Electricity Markets

WAPA, U.S. Bureau of Reclamation tapped hydro to help response to Calif. energy emergency


The Western Area Power Administration and the U.S. Bureau of Reclamation joined forces between Aug. 14 and 19 to generate and transmit roughly 5,400 megawatt-hours in response to California’s energy emergency, the two federal agencies reported on Aug. 25.

The two federal agencies are responsible for generating, marketing and transmitting hydropower from federally owned hydroelectric dams to preference customers. In an emergency situation, the hydropower can be called upon to limit outages and stabilize the grid.

Reclamation generated the power using its fleet of federal hydroelectric dams in the West, including, among others, 18 dams in the Central Valley Project in northern California; Glen Canyon Dam in Page, Arizona; Hoover Dam on the border of Arizona and Nevada; Morrow Point Dam in western Colorado; Davis Dam in Arizona; and Parker Dam in California.

WAPA then transmitted the energy via its high-voltage transmission system into the California Independent System Operator’s service territory, while continuing to reliably serve WAPA’s customer loads.

WAPA’s Sierra Nevada region provided more than 3,300 MWh, while the Colorado River Storage Project provided nearly 1,900 MWh and Desert Southwest provided more than 200 MWh.

 In some cases, WAPA was able to offset this generation and continue to meet its customers’ demand by increasing hydropower output from other dams to provide power to local areas. 

The agencies noted that hydroelectric dams are crucial sources of reserve energy in case of system emergencies. The large reservoirs, such as Lake Mead and Lake Powell, function as enormous batteries and can quickly dispatch a large amount of electricity on the grid.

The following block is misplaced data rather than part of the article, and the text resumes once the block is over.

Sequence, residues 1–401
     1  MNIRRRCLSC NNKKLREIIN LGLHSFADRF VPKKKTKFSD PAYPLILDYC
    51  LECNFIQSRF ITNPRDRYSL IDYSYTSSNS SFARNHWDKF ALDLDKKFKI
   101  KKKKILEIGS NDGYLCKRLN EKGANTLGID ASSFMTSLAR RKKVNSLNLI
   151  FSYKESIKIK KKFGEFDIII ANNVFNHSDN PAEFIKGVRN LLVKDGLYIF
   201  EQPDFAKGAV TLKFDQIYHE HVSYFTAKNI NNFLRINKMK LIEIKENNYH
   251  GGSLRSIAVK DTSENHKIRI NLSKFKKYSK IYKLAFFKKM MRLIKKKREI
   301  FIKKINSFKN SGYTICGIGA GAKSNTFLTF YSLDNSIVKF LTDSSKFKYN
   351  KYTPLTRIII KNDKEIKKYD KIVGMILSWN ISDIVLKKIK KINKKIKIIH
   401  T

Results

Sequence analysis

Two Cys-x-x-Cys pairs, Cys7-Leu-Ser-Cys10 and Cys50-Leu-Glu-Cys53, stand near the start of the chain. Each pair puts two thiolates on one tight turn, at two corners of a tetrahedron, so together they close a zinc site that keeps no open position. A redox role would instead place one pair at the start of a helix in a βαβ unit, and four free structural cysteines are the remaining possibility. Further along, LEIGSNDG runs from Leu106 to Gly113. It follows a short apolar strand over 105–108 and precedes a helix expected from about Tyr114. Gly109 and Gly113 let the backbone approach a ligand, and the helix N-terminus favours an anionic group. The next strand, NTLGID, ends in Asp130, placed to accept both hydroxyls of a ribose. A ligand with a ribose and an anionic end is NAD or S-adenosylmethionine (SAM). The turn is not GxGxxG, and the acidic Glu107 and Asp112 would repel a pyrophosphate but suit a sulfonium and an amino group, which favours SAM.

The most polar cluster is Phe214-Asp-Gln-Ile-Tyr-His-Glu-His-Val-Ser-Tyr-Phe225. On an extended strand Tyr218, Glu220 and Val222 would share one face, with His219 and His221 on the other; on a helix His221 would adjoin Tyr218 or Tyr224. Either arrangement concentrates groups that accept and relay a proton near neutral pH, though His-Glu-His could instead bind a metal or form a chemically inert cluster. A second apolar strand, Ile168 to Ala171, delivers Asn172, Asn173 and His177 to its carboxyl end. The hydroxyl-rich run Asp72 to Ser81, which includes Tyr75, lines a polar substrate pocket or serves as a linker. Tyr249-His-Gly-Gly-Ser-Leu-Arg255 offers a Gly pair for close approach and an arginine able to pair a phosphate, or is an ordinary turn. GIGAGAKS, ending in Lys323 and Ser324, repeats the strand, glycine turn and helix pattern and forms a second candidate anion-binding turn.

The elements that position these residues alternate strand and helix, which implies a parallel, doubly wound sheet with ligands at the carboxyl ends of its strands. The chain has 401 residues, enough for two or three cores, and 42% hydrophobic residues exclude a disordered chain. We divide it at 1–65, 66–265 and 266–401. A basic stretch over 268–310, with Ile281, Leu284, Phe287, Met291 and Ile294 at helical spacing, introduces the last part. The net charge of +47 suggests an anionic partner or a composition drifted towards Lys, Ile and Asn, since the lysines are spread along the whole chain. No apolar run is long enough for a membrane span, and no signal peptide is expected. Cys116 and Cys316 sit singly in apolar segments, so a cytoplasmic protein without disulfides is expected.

WAPA and Reclamation have plans in place with a number of utilities to provide emergency power from federal hydroelectric powerplants.  

CAISO implemented rotating outages

On Friday, Aug. 14, CAISO declared a Stage 3 electrical emergency that lasted a little over two hours, with  rotating outages throughout the state for about the first hour. A second Stage 3 emergency was declared Saturday night for twenty minutes.

California Gov. Gavin Newsom on Monday, Aug. 17, signed an emergency proclamation to free up energy capacity.

In announcing the emergency proclamation, Newsom also said he had sent a letter to CAISO, the California Public Utilities Commission, and the California Energy Commission demanding an investigation into “the service disruptions that occurred over the weekend and the energy agencies’ failure to predict and mitigate them.”

Calling the blackouts “unacceptable and unbefitting of the nation’s largest and most innovative state,” Newsom said the agencies failed to anticipate the event and to take necessary actions to ensure reliable power supplies.

Newsom also applauded the efforts of state officials who worked to bring more energy resources online, including generation from “sources like the Los Angeles Department of Water and Power, the California State Water Project and investor-owned utilities.”